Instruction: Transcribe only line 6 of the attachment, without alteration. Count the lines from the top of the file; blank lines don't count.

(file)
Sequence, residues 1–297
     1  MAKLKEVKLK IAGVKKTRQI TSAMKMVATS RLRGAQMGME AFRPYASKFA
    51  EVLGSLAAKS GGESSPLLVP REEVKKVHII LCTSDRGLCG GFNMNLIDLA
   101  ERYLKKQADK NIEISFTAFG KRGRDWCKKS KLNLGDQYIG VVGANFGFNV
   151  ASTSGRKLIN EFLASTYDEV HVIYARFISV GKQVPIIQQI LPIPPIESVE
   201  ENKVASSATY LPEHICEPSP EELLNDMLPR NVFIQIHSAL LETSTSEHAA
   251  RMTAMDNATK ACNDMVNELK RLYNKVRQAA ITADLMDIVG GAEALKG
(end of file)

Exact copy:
   201  ENKVASSATY LPEHICEPSP EELLNDMLPR NVFIQIHSAL LETSTSEHAA